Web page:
| | 150

"Doctor--I do not understand?"

Doctor Jarvis is a young man, tall, pale, and with keen, shrewd eyes; he studies her face a moment, then asks a question.

"Do you intend to go into the question of your brother's death thoroughly, Miss Chetwynde? or are you convinced that it is--a suicide?"

"I am convinced of nothing! And when I can see my way I intend to know--if the truth can be known--how Felix Chetwynde died!"

"Ah! now we understand each other thus far. Now, do you wish your inquiries to be made openly, publicly, or in a private manner?"

"Privately, by all means, as much as possible! Why should I make my brother's death a thing of gossip conjecture and malicious guess-work for this strange community?"

"That is what I wish to know for myself, and for Sheriff Cook. The inquest, thus, will be merely a form, and the sheriff and myself will make our discoveries known to you, personally, whenever you will hear us."

She came close up to him, quickly, and with a firm movement--

"Tell me what you mean?" she demanded sharply.

"I will speak for myself, of course, if you wish it, now. You will do well to hear the sheriff later. That is his message, his advice, through me to you."

"Very well, go on." Hope sinks upon the nearest chair, and motions him to the one opposite. Her voice is constrained, her manner that of one held in leash by a strong will.

"When I examined your brother," he began, with- | | 151 out availing himself of the proffered seat, "I pronounced his death due to a pistol shot in the head, and said no more. The truth, which I have not made known, even to the sheriff, is this. Your brother was shot in the top of the head, and it could not have been possible for him to inflict such a wound in such a place."

"Do you mean"--she breaks off helplessly; she is shaking like a reed.

"I mean this. Your brother was murdered! No chance shot ever yet struck in such a place; either he was stooping when shot, or he was fired upon by some one directly above him."

"Then you think that he was--murdered? You believe it?"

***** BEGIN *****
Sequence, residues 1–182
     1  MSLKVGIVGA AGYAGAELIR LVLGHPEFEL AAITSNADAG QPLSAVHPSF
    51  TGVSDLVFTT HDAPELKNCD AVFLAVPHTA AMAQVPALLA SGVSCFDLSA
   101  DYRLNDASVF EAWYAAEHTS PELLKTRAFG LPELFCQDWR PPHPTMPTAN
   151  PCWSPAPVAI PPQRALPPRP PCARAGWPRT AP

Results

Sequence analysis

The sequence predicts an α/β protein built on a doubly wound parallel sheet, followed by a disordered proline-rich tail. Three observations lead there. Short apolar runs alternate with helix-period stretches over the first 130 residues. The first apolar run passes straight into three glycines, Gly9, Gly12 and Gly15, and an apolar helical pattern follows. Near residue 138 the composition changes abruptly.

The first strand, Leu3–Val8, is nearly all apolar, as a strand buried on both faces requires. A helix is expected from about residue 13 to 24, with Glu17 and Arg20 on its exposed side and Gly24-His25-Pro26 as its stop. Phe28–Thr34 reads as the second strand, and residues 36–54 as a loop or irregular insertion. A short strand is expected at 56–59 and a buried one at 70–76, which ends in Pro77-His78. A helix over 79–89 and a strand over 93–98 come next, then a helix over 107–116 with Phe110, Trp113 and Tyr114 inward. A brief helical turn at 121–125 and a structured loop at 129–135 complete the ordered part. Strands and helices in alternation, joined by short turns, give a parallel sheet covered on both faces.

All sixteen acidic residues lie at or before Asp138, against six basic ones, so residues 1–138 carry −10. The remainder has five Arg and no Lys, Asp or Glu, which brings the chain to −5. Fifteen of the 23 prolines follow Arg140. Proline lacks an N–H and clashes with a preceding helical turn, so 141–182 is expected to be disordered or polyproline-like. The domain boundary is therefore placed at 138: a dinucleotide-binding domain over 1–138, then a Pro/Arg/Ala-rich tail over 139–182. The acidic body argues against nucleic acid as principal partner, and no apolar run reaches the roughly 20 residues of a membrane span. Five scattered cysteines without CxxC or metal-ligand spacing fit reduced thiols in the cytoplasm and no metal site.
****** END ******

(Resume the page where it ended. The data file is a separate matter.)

"I do!"

"And the sheriff? does he think so too?"

"He does."

"For the same reasons?"

"That--and others."

"Tell me what they are; why need I wait?"

"As you like. Cook has found the marks of a struggle upon the very verge of the ravine. In the soft soil there, some twenty yards below the place where the body lay, are the prints of heels, as if someone had been well-nigh pushed over the edge; there are evidences of a fallen body just there, the dry leaves being crushed into the soft indented earth. Then there has been a horse and a vehicle of some sort tied in a thicket near the wood road, which is now almost disused. The case is not so simple as it looks upon the surface."

"I have felt that from the first! And yet I could | | 152 wish for a yet stronger proof that Felix Chetwynde did not die the death of a coward, by his own hand and his own weapon."

"I will give it to you unknown to the coroner, who believes it to be beyond reach; I probed for and found the bullet."


"It does not fit the pistol that is said to have been your brother's."

"Doctor!" Hope rises and comes close to him, a new look of resolve in her face. "I thank you; you can't know what you have done for me! Until now I have not dared to believe that my brother was not a suicide! Now let the inquest go on, and when it is over I will ask you to advise me where to look for the right person to take charge of the search for the truth and the murderer. Until my brother's name is fully vindicated I would rather the sensation hunters did not know that there is a doubt or an effort to clear up the mystery."

Doctor Jarvis stands for a moment as if hesitating, then--

"If you ask my advice," he said slowly, "I would recommend Sheriff Cook as the man to hunt this matter home. He is a man with a natural bent toward the solving of just such riddles. He would serve you faithfully, and I don't think you can find a better man."

"Thank you," she said. "I believe you are right. Fortunately our summer visits to Lee before we took the villa had given us opportunity to know Mr. Cook a little. I like him. He is a strong and brave man."

"He is all that, and more," agreed the doctor, and took his leave.